This book provides an overview of the innovative, arts-based research method of body mapping and offers a snapshot of the field.
The review of body mapping projects by Boydell et al. confirms the potential research and therapeutic benefits associated with body mapping. The book describes a series of body mapping research projects that focus on populations marginalised by disability, mental health status, and other vulnerable identities. Chapters focus on summarising the current state of the art and its application with marginalised groups; analytic strategies for body mapping; highlighting body mapping as a creation and a dissemination process; emerging body mapping techniques including web-based, virtual reality, and wearable technology applications; and measuring the impact of body maps on planning, practice, and behaviour. Contributors and editors include interdisciplinary experts from the fields of psychology, sociology, anthropology, and beyond.
Offering innovative ways of engaging in body mapping research, which result in real-world impact, this book is an essential resource for postgraduate students and researchers.
Table of Contents
Foreword by Jane X. Solomon
Katherine M. Boydell
Chapter 1 – Applying body mapping to research with marginalised and vulnerable groups
Katherine M. Boydell, Susan Collings, Angela Dew, Kate Senior and Louisa Smith
Chapter 2 – Mapping conversations: body maps as relational objects in groups and dialogues
Louisa Smith and Kate Senior
Chapter 3 – Representations of complex trauma: body maps as a narrative mosaic
Susan Collings and Louisa Smith
Chapter 4 – Body mapping in process: observing how participants represent experiences of anxiety
Susan Cox, Marilys Guillemin, and Katherine M. Boydell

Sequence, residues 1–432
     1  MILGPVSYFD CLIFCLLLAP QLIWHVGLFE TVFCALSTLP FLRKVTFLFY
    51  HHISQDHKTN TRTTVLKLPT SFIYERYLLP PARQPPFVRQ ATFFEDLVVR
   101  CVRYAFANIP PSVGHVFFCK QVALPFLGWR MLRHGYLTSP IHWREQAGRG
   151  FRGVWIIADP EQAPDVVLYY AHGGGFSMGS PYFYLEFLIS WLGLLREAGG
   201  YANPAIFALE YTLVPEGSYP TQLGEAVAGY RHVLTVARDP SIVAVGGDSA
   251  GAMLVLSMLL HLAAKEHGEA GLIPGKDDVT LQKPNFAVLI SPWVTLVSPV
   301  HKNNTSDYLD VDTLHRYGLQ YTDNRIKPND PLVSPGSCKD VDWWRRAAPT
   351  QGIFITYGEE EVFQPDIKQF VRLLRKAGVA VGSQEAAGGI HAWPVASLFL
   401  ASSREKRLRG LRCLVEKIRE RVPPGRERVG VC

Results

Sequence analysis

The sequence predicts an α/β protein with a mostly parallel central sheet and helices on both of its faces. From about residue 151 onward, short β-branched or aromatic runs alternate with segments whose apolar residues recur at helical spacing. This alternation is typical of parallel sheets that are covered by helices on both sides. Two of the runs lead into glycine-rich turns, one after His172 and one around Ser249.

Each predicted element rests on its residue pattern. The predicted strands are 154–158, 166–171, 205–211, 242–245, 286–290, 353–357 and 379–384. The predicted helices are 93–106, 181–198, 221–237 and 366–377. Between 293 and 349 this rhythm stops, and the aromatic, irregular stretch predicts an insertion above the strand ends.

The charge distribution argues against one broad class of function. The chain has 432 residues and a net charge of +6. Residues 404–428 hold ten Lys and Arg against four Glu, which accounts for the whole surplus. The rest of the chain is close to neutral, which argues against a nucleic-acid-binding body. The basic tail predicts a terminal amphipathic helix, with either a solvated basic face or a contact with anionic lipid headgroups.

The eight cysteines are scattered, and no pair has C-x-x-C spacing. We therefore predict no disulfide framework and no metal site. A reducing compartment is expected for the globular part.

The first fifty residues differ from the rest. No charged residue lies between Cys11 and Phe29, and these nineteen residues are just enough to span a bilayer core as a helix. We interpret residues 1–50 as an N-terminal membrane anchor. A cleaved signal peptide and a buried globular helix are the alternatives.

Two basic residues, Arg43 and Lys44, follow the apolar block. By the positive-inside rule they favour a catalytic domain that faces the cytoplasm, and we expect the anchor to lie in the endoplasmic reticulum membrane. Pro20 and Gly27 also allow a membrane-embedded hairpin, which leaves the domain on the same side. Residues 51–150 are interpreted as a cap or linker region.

Chapter 5 – The logistics of making and preserving body maps as research data
Angela Dew, Anna Tewson, Bernadette Curryer, and Isabella Dillon Savage
Chapter 6 – Meaning making and research rigour: approaches to the synthesis of multiple data sources in body mapping
Susan Collings, Angela Dew, Bernadette Curryer, Isabella Dillon Savage, and Anna Tewson
Chapter 7 – Development of a web-based body mapping application
Chapter 8 – Body mapping and virtual reality
Chapter 9 – Wearable technology and body mapping
Chapter 10 – Audience response to the dissemination of body mapping research via installation artKatherine M. Boydell, Adèle de Jager, Anna Tewson, and Priya Vaughan
Chapter 11 – Real-world integration: body maps as a planning tool
Angela Dew, Susan Collings, and Isabella Dillon Savage
Concluding remarks: remembering the body
Katherine M. Boydell and Treena Orchard
Katherine M. Boydell is Head of the AKT (Arts-Based Knowledge Translation) Lab at the Black Dog Institute and Director of Knowledge Translation, Sydney Partnership for Health Education Research and Enterprise, Australia.
"Applying Body Mapping in Research provides the reader with an array of valuable lenses to explore body mapping approaches using ethical, inclusive, and respectful practices. Boydell and colleagues share a series of vivid examples as to how this arts-based, interdisciplinary approach allows for new ways to creatively engage, extend, and translate research." - Professor George Belliveau, Faculty of Education, University of British Columbia, Canada
"This book with its many perspectives, clear writing, and guiding principles will finally allow the powerful technique of body mapping to enrich the armamentarium of both researchers and clinicians. Body mapping allows for a visual, tangible image that allows for self-reflection and storytelling. It is a narrative approach using body sensations, often a private experience but also potentially a shared one that engages others. It puts us in touch with our senses, perceptions, positive and negative emotions, and drives home the fact that body and mind are one." - Mary V. Seeman, OC MDCM, Professor Emerita, Department of Psychiatry, University of Toronto, Canada
"Creative arts-based methods for social research are gathering momentum. Body mapping is one such method. This edited collection provides many fascinating examples of how body mapping can be used. The contributors demonstrate exciting possibilities for using the method to encourage people to think about and represent their multisensory and affective experiences and memories through images as well as words. Readers will doubtless be inspired to experiment with body mapping in their own research or public engagement and knowledge translation activities." - Deborah Lupton, PhD, FASSA, DSocSci (honoris causa)